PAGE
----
Solar Impulse plane lands in Phoenix

 

Watch the solar plane touch down in the dark in Phoenix, Arizona

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A plane powered only by the Sun has completed the first leg of a journey that aims to cross the US.

Solar Impulse, as the vehicle is known, took off at dawn from San Francisco, California, on Friday and landed in Phoenix, Arizona, some 18 hours later.

The craft will stop over in Dallas, St Louis, Washington DC and New York in the coming weeks.

The plane has the same wingspan as an Airbus A340 but it weighs just 1.6 tonnes.

It has already made a day-and-night flight lasting more than 26 hours, and the team aims to eventually circumnavigate the globe in 2015.

The plane took off from Moffett Field on the edge of San Francisco Bay at 06:12 local time (13:12 GMT) on Friday, and landed at Phoenix's Sky Harbor Airport at 00:30 local time (07:30 GMT) on Saturday.

This meant Solar Impulse spent several hours flying in darkness, relying solely on the energy stored in an array of lithium-ion batteries to drive its propellers.

In daylight hours, these are charged by nearly 12,000 solar cells that cover the craft's wings and stabiliser.

The Solar Impulse HB-SIA

Solar impulse plane infographic
  • Wingspan - 63m (208ft)
  • Weight - 1,600kg (3,500lb)
  • Covered with 11,628 solar cells
  • Carries 400kg (900lb) of lithium-ion batteries
  • Maximum cruising altitude of 8,500m (28,000ft)

The HB-SIA craft was piloted by Bertrand Piccard, a co-founder of the effort, who is perhaps best known for being the first person to circumnavigate the globe in a hot-air balloon, in 1999.

The trans-America bid is the first attempt of its kind - flying in the hours of daylight and in darkness - with a zero-fuel aircraft.

Together with co-founder and entrepreneur Andre Borschberg, the pair of Swiss pilots have racked up a number of world records and milestones in recent years.

The first night flight of a solar-powered craft in 2010 was followed by a first inter-continental flight in 2012.

The two pilots will share the job of flying the plane between each of the stops of the tour.

"We've been preparing for this flight since last summer, so we are all very excited," Mr Borschberg told BBC News.

The current aircraft HB-SIA is effectively the prototype for the craft that will eventually be used for a round-the-world trip. The HB-SIB should be completed by the end of 2013.

"You should see this like being in 1915 when the pioneers were trying to do these first cross-country flights - still unable to cross the ocean, but an important step for the development of aviation," Mr Borschberg said.

The launch on Friday served as the start of the pair's Clean Generation Initiative, an effort to encourage policy-makers and businesses to develop and adopt sustainable energy technologies.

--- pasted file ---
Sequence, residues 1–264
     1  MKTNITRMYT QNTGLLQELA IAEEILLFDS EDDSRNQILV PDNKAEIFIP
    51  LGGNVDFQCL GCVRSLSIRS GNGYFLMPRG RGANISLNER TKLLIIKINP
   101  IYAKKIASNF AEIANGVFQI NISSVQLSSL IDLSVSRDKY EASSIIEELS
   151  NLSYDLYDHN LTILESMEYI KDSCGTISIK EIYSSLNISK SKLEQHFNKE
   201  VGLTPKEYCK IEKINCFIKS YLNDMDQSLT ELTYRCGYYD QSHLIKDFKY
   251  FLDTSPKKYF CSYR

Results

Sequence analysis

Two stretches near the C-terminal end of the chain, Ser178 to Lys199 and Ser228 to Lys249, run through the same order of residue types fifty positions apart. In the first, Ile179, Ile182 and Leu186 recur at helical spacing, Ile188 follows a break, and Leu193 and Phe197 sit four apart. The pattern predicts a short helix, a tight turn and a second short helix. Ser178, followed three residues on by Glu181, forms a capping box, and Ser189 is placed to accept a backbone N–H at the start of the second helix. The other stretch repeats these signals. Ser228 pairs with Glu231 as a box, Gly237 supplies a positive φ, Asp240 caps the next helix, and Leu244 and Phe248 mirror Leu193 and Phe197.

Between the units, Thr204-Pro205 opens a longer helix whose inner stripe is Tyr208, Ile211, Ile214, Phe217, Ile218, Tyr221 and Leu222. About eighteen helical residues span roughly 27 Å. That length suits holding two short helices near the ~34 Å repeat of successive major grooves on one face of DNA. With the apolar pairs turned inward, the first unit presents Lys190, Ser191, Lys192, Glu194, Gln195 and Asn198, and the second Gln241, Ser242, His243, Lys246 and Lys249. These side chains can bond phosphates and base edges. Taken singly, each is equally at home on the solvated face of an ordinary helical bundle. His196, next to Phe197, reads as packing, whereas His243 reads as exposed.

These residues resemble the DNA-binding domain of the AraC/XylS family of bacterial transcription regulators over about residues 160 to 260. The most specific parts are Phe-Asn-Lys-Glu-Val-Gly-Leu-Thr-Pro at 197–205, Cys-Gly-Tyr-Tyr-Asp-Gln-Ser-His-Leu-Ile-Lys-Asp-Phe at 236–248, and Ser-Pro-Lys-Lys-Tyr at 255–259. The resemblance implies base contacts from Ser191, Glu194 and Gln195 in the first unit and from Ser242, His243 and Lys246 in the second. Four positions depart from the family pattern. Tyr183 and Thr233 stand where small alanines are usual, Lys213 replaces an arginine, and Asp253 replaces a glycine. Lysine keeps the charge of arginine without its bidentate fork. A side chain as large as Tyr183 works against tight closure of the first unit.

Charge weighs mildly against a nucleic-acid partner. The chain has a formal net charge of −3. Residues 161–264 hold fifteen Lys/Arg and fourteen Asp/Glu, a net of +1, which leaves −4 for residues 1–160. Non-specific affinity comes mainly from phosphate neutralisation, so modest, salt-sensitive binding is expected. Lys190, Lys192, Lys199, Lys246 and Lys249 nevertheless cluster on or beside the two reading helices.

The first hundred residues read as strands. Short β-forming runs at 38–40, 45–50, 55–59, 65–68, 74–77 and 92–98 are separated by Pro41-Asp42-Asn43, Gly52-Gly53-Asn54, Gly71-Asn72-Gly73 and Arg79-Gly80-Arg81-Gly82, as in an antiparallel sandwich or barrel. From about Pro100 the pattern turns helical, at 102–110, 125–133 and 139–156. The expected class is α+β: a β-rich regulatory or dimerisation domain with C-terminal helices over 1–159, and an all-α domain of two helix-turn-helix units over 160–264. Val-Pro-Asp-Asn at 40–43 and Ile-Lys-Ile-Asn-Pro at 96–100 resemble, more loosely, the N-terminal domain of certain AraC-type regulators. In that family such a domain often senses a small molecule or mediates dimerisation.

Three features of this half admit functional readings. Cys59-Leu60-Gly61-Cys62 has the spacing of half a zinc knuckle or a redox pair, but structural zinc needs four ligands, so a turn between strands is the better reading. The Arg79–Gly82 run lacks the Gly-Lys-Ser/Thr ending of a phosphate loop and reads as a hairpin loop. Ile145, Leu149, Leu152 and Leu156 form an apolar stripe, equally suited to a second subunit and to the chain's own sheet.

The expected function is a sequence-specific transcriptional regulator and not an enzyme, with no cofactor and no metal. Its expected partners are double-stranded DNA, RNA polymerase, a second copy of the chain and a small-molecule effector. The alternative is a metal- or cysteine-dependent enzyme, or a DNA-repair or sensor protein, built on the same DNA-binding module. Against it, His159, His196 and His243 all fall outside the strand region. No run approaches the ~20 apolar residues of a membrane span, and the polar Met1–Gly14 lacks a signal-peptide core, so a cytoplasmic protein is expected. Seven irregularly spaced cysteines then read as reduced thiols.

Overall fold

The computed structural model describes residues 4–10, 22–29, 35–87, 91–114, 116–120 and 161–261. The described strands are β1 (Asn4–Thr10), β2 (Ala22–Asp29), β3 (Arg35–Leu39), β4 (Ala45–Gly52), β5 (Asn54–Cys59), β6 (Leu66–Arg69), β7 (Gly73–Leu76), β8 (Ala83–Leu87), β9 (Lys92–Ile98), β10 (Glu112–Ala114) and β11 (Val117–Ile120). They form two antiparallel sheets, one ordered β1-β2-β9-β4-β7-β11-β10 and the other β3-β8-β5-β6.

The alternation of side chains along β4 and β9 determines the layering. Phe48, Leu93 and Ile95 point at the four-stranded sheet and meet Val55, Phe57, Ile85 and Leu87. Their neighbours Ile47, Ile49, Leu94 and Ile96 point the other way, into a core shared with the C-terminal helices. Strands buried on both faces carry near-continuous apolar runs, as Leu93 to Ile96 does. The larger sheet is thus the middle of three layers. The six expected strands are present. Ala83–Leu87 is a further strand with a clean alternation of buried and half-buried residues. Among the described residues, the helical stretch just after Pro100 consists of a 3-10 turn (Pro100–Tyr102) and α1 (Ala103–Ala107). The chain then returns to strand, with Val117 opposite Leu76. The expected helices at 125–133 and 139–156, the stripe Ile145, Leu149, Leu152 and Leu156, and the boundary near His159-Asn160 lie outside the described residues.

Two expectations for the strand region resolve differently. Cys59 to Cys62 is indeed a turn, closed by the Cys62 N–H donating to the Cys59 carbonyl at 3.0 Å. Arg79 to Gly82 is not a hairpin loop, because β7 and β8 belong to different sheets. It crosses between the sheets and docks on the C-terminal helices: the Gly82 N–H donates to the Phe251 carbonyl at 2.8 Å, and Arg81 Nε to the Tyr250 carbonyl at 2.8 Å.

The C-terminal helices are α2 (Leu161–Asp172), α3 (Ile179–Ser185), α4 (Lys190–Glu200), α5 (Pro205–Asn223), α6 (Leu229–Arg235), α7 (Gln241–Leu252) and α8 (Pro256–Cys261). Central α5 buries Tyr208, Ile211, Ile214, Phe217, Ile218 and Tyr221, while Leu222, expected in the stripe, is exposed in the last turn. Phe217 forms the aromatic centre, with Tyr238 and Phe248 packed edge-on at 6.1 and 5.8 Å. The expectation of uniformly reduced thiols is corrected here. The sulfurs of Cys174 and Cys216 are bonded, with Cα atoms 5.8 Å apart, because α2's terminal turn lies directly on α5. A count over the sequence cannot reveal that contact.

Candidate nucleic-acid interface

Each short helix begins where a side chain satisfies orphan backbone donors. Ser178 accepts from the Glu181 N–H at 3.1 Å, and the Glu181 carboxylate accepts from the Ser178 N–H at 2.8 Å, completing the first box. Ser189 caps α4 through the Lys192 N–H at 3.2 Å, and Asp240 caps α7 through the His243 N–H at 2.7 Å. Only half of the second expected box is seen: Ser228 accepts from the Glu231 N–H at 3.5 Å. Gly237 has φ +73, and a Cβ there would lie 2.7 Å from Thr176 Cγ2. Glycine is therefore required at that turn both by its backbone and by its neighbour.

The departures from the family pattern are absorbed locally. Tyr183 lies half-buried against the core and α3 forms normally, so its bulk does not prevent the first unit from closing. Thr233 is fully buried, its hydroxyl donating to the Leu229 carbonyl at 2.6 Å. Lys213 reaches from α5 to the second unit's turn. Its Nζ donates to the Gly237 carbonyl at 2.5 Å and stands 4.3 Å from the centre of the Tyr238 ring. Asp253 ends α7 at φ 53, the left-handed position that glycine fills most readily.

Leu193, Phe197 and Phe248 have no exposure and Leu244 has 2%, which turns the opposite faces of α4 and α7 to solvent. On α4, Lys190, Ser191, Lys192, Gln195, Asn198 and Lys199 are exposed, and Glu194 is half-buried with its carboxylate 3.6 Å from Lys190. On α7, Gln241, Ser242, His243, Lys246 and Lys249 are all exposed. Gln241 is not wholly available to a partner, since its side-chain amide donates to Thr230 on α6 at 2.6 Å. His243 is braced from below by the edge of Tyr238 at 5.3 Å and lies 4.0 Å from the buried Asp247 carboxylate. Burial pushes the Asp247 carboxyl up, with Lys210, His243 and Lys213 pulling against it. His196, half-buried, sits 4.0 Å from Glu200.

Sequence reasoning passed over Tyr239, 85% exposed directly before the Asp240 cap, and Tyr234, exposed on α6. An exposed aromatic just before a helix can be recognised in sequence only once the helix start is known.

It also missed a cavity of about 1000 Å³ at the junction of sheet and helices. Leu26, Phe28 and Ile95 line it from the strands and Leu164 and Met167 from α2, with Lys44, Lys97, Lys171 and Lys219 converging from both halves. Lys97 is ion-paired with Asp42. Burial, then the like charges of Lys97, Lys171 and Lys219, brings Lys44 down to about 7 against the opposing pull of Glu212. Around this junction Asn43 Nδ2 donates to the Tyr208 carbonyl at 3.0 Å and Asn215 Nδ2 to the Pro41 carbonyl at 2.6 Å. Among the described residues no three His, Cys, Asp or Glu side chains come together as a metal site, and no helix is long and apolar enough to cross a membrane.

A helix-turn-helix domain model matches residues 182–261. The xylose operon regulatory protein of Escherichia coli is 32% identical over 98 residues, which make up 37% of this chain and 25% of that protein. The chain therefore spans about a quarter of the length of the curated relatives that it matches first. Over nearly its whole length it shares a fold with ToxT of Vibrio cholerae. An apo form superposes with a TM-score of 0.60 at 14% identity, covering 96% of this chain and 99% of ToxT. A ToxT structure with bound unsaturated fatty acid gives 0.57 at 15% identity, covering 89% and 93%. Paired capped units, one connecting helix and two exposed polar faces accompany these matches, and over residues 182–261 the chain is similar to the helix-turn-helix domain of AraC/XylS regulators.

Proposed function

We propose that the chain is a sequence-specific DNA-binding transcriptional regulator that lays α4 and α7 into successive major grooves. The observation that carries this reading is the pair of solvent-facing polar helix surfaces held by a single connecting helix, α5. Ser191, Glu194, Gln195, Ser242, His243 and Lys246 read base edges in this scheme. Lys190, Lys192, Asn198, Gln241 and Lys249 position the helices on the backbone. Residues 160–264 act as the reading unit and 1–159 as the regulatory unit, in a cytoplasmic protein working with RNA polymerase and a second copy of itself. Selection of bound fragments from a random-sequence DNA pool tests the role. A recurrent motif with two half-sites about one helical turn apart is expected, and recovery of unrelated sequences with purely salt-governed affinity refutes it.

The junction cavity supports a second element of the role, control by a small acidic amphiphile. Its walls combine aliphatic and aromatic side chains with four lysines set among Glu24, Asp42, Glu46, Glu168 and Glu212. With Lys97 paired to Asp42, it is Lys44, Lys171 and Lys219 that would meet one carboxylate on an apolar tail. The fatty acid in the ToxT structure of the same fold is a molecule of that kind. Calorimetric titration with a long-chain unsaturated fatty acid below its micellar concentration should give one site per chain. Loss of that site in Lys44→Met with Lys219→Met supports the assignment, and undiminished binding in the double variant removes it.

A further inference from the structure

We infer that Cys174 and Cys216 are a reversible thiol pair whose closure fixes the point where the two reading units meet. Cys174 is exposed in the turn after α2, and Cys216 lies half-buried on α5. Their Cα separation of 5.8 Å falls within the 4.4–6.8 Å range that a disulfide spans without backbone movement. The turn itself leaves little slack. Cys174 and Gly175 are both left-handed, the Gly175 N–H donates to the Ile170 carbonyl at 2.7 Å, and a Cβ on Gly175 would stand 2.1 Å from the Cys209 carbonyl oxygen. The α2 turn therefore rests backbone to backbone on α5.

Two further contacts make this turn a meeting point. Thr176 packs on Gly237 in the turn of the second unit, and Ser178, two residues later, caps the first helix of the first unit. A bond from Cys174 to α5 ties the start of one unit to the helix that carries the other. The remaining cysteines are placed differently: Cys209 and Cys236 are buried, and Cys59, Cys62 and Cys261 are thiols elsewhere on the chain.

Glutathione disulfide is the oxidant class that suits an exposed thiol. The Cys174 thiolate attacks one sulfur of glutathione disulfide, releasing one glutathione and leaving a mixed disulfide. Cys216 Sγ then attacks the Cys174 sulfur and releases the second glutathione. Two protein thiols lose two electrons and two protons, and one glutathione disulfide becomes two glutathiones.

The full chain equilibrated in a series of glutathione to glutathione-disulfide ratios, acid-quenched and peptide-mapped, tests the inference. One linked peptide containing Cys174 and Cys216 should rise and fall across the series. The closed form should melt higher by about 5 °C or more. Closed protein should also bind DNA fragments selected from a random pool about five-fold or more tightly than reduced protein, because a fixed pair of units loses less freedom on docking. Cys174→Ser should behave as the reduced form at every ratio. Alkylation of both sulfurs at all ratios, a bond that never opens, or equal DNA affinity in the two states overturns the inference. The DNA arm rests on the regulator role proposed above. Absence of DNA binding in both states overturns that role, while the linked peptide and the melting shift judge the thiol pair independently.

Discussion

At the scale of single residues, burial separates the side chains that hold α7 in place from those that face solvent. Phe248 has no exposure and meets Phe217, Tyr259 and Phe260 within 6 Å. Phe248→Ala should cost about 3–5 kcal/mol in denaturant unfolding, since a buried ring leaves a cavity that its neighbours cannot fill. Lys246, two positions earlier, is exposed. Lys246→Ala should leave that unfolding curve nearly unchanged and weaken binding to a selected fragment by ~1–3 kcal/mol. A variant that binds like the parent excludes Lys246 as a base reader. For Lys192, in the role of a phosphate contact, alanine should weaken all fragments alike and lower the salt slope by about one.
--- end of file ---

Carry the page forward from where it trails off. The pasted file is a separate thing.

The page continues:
"We want to show that with clean technologies, a passionate team and a far-reaching pioneering vision, one can achieve the impossible," Dr Piccard said at the announcement of the mission in March.

Landing Solar Impulse co-founder, pilot and CEO Andre Borschberg (L) greets pilot Bertrand Piccard at Sky Harbor International Airport in Phoenix
 

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  • rate this
    +3

    Comment number 102.

    Thank goodness the "spirit of adventure" is still alive and well. Now this is what I call news. Early cars and early aeroplanes were regarded as "stunts" by the "flat earth society". Now people take them for granted. This aircraft is one more step along the road of pushing boundaries in the application of new technology, and long may it continue.

  • rate this
    +5

    Comment number 92.

    What I don't understand is why they have built a conventional aircraft. They are continually consuming energy just to provide enough forward momentum to give lift and keep it airborne. Why not use a helium airship and cover that in solar cells to drive electric propulsion. You might have a craft that actually has practical application. Sorry, I'm an engineer; always looking for the efficient.

  • rate this
    +2

    Comment number 69.

    As someone who has put their money where they mouth is and invested in solar panels, I hope this will bury the lie that solar power can't be put to good use such as travel, and that as technologies develop it'll be possible to have 99.9% of all buildings in the UK producing power for the National Grid. We get enough sun to make this a reality now.

  • rate this
    +3

    Comment number 65.

    I'm a dreamer and I believe in my dreams. Tell me why we have not applied this solar tech to 'lighter than air' craft yet? The surface area on a deridgeable would acomodate this solar gathering tech on a vastly superior scale. The need to move freight around our countries without fuel and off the roads is going to be essiential. Think of the roads without a single tracktor trailor taking up space.

  • rate this
    +19

    Comment number 51.

    I really don't care if this doesn't have a practical application, I just love it for what it is ... a beautiful machine soaring majestically using the power of the sun. To pilot something like that must be the greatest feeling ever.

 

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